Loch Ardinning: nature on the doorstep

Loch Ardinning, a Scottish Wildlife Trust reserve

Loch Ardinning, a Scottish Wildlife Trust reserve

A day off and the sun is shining – so what better way to spend the time than to head out into the countryside! Living just north of Glasgow there is a wealth of beautiful countryside to chose from and one of my favourites is the Scottish Wildlife Trust’s reserve at Loch Ardinning.

Approaching Loch Ardinning from the south, you get stunning views of the Campsie Fells and Dumgoyne, a volcanic plug which is a well-known and very distinct local landmark. Today the Fells were snow-covered and with clear blue skies and bright sunshine looked even more splendid than usual.

The Campsie Fells and Dumgoyne from Loch Ardinning

The Campsie Fells and Dumgoyne from Loch Ardinning

The reserve covers 142  hectares of moorland, wetland and woodland as well as the loch itself. It may be a nature trail today, but some of the landscape has been shaped by man.  Within the boundaries of the reserve there is an old quarry which provided sandstone in the early 19th century for the foundations of the nearby main road (A81). While the dam at the start of the walk was originally built both to enlarge the loch and to provide water for the mills in the nearby Blane valley.  The loch itself is shallow and often freezes and in the past was a popular spot for curling – on the trail you can see the remains of the base of the former curling hut.

Heading up towards the cairn

Heading up towards the cairn

It’s close to the city but nonetheless a varied and rugged landscape, and you get a great sense of being well away from the noise and bustle of the town. The trail guide and marker posts along the way provide interesting facts about what has shaped the land and what there is to see.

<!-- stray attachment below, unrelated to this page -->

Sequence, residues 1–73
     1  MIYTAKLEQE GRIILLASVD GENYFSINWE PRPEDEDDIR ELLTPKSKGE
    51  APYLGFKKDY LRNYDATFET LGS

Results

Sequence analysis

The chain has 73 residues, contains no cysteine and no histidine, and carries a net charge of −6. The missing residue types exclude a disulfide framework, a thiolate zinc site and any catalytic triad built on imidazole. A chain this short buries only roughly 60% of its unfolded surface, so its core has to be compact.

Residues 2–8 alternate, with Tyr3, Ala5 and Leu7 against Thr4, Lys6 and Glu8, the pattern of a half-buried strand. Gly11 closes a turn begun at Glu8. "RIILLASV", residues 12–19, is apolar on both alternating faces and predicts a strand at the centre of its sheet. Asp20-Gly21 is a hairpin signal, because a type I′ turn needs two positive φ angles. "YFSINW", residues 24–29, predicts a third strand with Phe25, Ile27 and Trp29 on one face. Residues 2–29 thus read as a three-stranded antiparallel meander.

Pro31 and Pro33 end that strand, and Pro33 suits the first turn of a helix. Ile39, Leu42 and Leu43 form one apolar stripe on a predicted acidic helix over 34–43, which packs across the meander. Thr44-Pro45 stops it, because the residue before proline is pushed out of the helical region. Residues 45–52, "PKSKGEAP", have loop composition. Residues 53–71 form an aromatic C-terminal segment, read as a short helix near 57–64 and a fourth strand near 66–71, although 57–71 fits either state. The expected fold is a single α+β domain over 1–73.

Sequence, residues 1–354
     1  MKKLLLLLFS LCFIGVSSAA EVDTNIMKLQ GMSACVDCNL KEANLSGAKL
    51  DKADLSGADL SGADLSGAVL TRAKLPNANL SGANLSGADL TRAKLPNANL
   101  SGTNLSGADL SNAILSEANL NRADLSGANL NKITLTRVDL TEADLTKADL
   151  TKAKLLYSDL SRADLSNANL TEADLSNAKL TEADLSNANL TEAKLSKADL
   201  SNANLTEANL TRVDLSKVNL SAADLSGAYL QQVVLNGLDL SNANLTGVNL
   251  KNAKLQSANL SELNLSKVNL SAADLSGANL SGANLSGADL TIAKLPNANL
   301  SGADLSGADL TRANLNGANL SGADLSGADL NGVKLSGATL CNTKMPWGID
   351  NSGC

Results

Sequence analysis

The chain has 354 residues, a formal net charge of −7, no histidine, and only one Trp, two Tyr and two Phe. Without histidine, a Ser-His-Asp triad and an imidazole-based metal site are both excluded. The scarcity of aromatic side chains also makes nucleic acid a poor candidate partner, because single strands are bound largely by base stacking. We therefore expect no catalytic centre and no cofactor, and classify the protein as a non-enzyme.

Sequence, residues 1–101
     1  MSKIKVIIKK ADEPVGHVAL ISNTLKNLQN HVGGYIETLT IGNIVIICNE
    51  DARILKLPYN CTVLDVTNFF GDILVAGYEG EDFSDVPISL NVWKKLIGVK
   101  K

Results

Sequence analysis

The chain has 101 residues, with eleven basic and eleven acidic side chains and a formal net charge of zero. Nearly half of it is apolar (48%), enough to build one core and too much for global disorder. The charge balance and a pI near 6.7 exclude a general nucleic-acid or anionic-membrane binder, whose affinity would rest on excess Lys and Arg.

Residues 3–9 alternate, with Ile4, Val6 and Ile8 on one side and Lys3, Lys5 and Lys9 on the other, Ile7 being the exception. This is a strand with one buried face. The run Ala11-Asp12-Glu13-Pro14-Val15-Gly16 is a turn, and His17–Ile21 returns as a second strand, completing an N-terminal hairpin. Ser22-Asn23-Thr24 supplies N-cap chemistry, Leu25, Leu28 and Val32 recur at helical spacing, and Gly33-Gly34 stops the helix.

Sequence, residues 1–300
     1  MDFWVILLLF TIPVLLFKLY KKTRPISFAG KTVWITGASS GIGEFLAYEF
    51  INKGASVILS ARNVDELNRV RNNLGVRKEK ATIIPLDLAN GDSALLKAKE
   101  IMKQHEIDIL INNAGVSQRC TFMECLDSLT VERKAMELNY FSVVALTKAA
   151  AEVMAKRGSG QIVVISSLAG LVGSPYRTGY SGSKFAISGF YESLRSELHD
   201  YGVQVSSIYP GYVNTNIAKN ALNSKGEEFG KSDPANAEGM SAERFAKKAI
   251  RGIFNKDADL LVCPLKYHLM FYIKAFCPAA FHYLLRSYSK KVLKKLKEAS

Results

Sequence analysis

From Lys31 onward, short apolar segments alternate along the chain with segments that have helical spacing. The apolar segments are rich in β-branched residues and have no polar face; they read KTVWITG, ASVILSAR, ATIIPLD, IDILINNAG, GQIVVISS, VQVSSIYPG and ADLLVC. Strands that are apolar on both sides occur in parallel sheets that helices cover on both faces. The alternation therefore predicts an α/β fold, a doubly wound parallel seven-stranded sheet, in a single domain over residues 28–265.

In fact, there is even a battle site on the reserve!  As the guide says : “Part of the rock formation used to be called Cat Craig, derived from the ancient British and Gaelic words meaning ‘battle rock’.  The earliest known historical reference to the area concerns the Battle of Ardunnion about AD570 when Gwallawg and his brother kings of Cumbria fought and defeated Hussa the son of the king of Bernicia. A fierce battle was fought between the rocks here and the Blane Water.”  So it’s not always been as peaceful around here as you might imagine!

The Cairn, almost mid-way on the walk

The cairn, almost mid-way on the walk

Over the past fifty years The Scottish Wildlife Trust has established and managed 120 wildlife reserves the length and breadth of the country. Their vision and hard work has helped create, save and regenerate a wealth of sites.  And as in so many wonderful places in Scotland a fantastic job is done by the volunteers who maintain paths, ensure natural tree-regeneration, clear old blocked field drains, cut back invasive plants and carry out the hundred and one other tasks that go to make the reserve a pleasure for all to use. I have a huge admiration for the work they do keeping this beautiful country of ours beautiful and making it something that can be shared by us all.  There’s no doubt that in Scotland we are very fortunate indeed to have so much natural beauty right on our very doorstep – and it’s just waiting for you to get out and enjoy it!

Looking across the loch with the Campsies behind

Looking across the loch with the Campsies behind

For further information about Loch Ardinning, and volunteering, here is the link to the  Scottish Wildlife Trust

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